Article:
The Sculptor's Hand: by Nicholas Royle
The prior assassination of Margaret Thatcher.
On the week that Hilary Mantel publishes her story The Assassination of Margaret Thatcher to a degree of controversy in our largely Tory press, it is interesting to go back to Nicholas Royle's assassination of same. In The Sculptor's Hand Thatcher is not named, but the story was written while she was serving as Prime Minister, and the Premier is throughout referred to as "she."
The narrator is a sculptor in the classical style. While on a business trip to Glasgow he is involved in a minor train crash and escapes with a knock on the head. Upon leaving hospital he notes the arrival of the Premier, her entourage, and a media scrum. He pauses only to express relief that he escaped meeting her. A month later, by a bizarre coincidence, perhaps, he is involved in another train crash, this one rather more serious. He loses his arm, a disaster for a man of his occupation. Almost as bad, he is unable to avoid being consoled by the Premier in hospital and, to his horror, these images are widely televised. The media, of course, are much taken with the coincidence of his having been involved in both accidents, but when they seek his opinion his answers are not what they want to hear - rather than look to his own luck as cause, he blames cuts in spending on public transport infrastructure. This opinion is widely derided by a media which would rather believe that the narrator is labouring under a personal curse. After all, there is no such thing as society; only individual men and women, and their luck. If their luck is bad, well, personal responsibility is everything.
By this point the narrator is reeling. His art and business have begun to suffer - a slew of lost orders and canceled shows take their toll. He becomes convinced that he is being punished for speaking out, convinced also that the Premier has struck a vendetta against him - almost a Mafia-style contract by means of public sector cuts. He takes a plane to Belfast to attend the opening of his new exhibition. The plane crashes on the runway. This time he loses a leg. In hospital he is again confronted by his nemesis - the Premier. The public notes that if he is at the scene of every disaster, so is she - but, as Premier, she has every right to be there, while he has no right to be the victim of every accident. Upon release from hospital, complete with false leg, he attends his show in Belfast and smashes every figure, breaking their arms and legs to reflect his own loss - the media take this as yet more evidence of his refusal to shoulder personal responsibility.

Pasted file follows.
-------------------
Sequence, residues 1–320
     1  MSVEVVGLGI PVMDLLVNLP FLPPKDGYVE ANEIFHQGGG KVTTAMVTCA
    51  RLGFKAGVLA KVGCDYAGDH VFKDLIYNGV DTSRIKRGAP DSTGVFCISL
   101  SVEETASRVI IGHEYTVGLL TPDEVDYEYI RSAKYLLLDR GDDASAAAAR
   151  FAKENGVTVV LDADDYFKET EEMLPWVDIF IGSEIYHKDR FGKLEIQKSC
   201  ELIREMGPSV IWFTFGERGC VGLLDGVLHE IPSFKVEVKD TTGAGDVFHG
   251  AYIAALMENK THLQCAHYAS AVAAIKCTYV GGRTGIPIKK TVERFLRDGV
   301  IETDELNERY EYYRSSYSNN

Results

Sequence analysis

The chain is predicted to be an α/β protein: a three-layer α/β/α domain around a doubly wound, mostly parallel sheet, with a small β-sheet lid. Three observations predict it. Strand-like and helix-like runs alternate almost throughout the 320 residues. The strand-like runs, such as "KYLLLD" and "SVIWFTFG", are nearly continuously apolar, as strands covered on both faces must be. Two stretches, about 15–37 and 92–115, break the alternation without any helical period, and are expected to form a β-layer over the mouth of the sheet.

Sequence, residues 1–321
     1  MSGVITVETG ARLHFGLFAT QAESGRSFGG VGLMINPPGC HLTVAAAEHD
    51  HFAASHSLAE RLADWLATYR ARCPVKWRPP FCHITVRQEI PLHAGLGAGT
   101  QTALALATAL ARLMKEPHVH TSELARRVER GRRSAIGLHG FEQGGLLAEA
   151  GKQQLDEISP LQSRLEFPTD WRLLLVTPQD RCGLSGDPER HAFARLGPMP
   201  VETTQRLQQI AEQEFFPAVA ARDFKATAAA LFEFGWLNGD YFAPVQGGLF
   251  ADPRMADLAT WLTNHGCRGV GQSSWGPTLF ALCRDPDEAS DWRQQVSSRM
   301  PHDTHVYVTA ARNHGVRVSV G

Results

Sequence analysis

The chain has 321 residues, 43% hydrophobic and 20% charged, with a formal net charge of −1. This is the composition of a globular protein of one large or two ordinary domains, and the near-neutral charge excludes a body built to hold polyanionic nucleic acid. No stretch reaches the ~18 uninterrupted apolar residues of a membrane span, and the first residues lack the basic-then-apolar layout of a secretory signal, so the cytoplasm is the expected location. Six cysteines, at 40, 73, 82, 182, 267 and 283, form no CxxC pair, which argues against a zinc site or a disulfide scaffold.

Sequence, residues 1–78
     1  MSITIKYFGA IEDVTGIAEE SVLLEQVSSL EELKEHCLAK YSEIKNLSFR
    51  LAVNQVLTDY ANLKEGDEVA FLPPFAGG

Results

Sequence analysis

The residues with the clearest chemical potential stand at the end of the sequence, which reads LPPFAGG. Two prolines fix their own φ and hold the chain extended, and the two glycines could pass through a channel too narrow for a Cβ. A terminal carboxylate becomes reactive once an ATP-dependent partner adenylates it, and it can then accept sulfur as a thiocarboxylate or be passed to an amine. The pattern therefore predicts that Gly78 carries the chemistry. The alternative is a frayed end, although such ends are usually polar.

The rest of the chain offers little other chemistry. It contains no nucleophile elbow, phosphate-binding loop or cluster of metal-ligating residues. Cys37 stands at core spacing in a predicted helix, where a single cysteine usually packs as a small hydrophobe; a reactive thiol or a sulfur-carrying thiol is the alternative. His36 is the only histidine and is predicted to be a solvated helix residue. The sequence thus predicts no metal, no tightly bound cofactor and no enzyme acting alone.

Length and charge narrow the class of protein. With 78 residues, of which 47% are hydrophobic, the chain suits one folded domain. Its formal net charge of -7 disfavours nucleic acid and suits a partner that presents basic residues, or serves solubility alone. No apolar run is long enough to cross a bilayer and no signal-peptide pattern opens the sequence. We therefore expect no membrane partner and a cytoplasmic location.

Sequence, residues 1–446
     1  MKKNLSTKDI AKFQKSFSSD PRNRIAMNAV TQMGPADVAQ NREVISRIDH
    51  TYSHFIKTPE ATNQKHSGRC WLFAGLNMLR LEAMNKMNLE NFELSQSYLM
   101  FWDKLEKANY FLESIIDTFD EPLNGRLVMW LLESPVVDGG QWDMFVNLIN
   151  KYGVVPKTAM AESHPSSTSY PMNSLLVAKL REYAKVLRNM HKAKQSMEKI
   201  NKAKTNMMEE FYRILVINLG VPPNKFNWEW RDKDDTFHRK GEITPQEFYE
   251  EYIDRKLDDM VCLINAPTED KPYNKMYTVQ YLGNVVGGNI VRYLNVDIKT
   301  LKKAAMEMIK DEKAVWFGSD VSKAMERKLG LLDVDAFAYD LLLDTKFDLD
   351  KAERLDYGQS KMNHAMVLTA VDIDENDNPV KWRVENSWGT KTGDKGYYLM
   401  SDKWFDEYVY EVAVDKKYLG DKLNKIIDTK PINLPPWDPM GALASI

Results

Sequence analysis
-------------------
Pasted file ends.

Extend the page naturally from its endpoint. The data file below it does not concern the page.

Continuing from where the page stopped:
Finally, in order to restore faith in Britain's crumbling infrastructure, the Premier issues the narrator with a challenge - she will fly with him and by her good grace he will be safe. She will make him her personal responsibility. This irony is too much for the narrator, who makes quite deliberate arrangements to ensure neither of them will survive his next journey...
It is a matter of regret that this vivid and inventive story is not more widely known. Royle confronts Thatcherism by giving its every victim the same face, thereby dismissing the notion that accidents are mere accidents - if the victims are the same every time, then they are the targets. They could be teachers, nurses, coal-miners... Because, in Thatcher's own words, "Any man who rides a bus to work after the age of 30 can count himself a failure in life."
Like A Life of Matter and Death below, The Sculptor's Hand can be found in the Fifth Interzone Anthology. And you can read more about Thatcher's disastrous public transport policies here.